“Plagiarism up 700%” at University of Nottingham

Slight misinterpretation of non-comparable data

According to a shocking report in Impact, which doesn’t let facts get in the way of a sensational story, plagiarism is up 700% at the University of Nottingham:

The University of Nottingham has insisted that cheating is not skyrocketing among its students, following the emergence of figures which show a significant rise in recorded plagiarism at the institution in the last five years. According to records released under the Freedom of Information Act, 280 students were caught submitting copied work in coursework last year compared to 38 in 2004: a rise of over 700%. Another 11 were found to have cheated in exams in the 2008/09 session.

The University also reported 123 second offenders caught in the last five years. Only four of the culprits were expelled, while most were allowed to continue studying after having their marks docked.

But the real issue is that the means of detecting and recording plagiarism have significantly changed and, most importantly, new software has been introduced to detect and deter plagiarism.

Citing an investment in plagiarism detection software and a change in the system for gathering plagiarism data, a spokesman for the University argued that “There is no clear evidence that plagiarism and cheating have actually increased to this extent.”

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In an official statement, the University spokesman said: “In 2006 the university invested in plagiarism detection software to assist our academics. This accounts in part for a noticeable rise in cases detected and proven.

“It is impossible to attempt to extrapolate increases or draw any conclusions from the limited and non-comparable data currently available in relation to plagiarism. Direct comparison is unreliable since the information held by schools within the University from before 2006 is incomplete.”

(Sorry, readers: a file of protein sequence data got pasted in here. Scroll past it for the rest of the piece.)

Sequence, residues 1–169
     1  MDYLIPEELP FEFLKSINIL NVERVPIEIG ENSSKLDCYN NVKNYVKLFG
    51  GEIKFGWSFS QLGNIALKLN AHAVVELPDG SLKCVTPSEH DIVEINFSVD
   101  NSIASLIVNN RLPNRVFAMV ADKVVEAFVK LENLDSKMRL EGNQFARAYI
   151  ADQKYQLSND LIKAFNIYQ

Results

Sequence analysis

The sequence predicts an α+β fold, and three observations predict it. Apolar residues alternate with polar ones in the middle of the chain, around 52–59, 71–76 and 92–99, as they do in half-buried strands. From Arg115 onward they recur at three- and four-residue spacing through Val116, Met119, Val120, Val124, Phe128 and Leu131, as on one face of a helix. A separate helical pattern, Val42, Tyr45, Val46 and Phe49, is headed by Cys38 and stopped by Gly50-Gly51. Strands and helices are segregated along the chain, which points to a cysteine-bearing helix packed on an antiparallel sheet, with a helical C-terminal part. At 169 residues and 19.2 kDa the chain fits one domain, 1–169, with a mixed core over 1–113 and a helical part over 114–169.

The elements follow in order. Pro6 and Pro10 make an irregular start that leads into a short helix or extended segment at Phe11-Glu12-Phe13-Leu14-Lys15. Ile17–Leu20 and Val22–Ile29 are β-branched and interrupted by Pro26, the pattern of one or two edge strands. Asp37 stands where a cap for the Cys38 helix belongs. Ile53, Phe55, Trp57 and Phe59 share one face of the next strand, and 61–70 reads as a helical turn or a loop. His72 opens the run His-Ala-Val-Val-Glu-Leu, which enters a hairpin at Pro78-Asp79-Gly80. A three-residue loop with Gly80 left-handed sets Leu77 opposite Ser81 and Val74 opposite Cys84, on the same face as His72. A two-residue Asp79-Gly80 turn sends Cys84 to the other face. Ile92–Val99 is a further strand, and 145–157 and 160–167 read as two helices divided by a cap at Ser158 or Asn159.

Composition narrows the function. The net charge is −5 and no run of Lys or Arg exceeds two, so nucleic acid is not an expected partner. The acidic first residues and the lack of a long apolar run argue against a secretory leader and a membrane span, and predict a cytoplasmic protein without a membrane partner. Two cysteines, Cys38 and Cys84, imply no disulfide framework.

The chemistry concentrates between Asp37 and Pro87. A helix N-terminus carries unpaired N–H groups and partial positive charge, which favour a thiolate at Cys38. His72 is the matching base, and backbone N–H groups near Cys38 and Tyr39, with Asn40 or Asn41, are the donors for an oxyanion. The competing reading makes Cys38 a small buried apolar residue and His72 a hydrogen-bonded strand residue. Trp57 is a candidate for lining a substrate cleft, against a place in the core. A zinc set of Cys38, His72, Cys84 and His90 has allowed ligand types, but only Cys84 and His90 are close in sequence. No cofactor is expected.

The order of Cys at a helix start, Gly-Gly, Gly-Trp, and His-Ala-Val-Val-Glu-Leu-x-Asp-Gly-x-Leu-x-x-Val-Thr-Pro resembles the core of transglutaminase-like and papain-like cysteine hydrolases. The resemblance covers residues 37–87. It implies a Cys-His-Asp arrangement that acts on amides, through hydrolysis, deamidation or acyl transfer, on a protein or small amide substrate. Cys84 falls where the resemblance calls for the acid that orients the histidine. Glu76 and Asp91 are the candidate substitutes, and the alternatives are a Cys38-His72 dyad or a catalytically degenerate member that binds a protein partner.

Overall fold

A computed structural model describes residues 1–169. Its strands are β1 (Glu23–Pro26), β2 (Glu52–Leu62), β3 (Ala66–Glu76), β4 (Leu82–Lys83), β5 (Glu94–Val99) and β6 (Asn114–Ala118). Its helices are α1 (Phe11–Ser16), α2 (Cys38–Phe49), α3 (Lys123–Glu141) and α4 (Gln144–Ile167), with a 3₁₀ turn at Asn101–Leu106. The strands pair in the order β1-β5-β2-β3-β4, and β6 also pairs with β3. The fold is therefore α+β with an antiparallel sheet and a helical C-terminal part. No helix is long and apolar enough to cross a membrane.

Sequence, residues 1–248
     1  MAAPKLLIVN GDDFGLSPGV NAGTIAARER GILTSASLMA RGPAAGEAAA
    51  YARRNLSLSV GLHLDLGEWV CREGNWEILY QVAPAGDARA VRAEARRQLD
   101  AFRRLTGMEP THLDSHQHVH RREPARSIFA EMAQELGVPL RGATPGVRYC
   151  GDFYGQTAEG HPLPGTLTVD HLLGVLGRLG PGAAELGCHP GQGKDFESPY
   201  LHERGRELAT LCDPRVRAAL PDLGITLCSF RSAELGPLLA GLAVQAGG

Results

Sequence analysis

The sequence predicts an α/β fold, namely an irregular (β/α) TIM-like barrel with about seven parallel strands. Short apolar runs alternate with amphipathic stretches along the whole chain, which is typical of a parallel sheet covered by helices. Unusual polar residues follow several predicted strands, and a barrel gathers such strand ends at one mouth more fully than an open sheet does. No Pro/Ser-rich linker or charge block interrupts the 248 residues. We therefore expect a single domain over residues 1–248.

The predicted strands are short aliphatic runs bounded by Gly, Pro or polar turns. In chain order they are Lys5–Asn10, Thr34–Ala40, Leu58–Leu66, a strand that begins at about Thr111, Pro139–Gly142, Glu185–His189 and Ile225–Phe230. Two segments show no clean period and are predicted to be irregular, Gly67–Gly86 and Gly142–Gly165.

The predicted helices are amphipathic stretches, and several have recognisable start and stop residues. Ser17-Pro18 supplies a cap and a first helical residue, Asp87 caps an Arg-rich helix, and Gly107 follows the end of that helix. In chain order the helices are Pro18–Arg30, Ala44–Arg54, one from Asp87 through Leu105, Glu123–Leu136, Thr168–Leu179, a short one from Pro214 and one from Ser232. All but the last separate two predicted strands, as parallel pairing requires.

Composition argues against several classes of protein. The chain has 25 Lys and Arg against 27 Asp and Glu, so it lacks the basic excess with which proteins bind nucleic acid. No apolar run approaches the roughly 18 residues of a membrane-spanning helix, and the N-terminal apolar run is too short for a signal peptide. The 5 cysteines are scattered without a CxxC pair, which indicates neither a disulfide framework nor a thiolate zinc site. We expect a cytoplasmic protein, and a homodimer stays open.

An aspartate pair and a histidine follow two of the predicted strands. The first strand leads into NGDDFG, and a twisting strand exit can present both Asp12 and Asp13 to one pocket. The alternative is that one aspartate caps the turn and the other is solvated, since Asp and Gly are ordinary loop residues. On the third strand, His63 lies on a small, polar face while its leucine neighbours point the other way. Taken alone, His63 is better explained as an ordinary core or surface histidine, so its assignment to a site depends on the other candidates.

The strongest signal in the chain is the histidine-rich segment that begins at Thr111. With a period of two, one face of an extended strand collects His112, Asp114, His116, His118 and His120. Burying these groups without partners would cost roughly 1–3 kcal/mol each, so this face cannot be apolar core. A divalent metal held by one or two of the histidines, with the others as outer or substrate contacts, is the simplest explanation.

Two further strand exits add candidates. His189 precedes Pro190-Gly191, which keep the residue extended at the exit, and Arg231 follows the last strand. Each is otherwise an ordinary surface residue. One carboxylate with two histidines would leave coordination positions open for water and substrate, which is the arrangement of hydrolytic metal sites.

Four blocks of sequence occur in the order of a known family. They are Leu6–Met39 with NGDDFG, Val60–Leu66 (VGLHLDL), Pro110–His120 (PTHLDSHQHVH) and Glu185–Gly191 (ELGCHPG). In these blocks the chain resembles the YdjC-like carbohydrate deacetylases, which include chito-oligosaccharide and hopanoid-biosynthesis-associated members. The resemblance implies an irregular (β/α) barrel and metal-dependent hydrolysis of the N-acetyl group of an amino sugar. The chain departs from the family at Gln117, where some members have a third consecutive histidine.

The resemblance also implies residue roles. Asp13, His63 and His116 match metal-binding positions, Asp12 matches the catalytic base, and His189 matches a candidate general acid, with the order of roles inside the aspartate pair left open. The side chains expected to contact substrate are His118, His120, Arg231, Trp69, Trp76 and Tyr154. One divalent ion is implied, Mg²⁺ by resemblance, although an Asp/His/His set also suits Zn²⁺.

All absolutely correct. Several of the comments which follow the article also acknowledge the University position and offer a helpful critique of the piece which, far from being a serious piece of investigative reporting, is in fact simply an account of the results of an FOI request. A bit like the recent report in the Sun.

4 responses to ““Plagiarism up 700%” at University of Nottingham

  1. In fairness, I think most people would look beyond the headline to what is a fair and balanced article. After all, it quotes most of the university statement verbatim. It may be a little on the sensationalist side, but it certainly got me reading!

  2. It has to be accepted that this is somewhat of a sensationalist headline. I feel it necessary to point out that this headline was created in a rush due to various sources being leaked to other press outlets.
    I feel that it is absolutely imperative to highlight that the university is also generalising in it’s response. A university spokesman said that…

    “In 2006 the university invested in plagiarism detection software to assist our academics. This accounts in part for a noticeable rise in cases detected and proven.”

    This is a mere guise to hide the fact that TurnItIn was not rolled out throughout every school in the university until this academic year. My school, American and Canadian studies, had a noticeable increase in plagiarism over 5 years, despite students not having to submit any work electronically until October 2009.

    Both sides are spinning this story. Impact perhaps span it too far, but that’s because we are not trained, nor paid to write these articles. The university, however, quashed this story with a paid experts and a few little white lies.

  3. Perhaps we are moving from a situation in which plagiarism was largely invisible and ill-understood amongst students. My experience (at a comparable university) has been that the real value of Turn It In has been in making students think about plagiarism and its effects.

    I’ve just started investigating the impact of Turn It In and other awareness raising activities here at Warwick, a couple of years after we in the Arts Faculty started to use Turn It In on an ad-hoc basis.

    A survey of around 7% of taught students, asking them to respond to the following statement:

    “I am confident in citing and summarizing academic sources in my essays without committing plagiarism.”

    48.82% strongly agree
    40% agree
    7.06% neutral
    5.29% disagree
    1.18% strongly disagree

    I’ll be investigating that in detail in forthcoming focus groups.

    We haven’t got any historical data on this, but i’m expecting (based on anecdotal evidence) that Turn It In has contributed to awareness in a positive way (even though we only use it lightly), and that there’s a strong anti-cheating sentiment.

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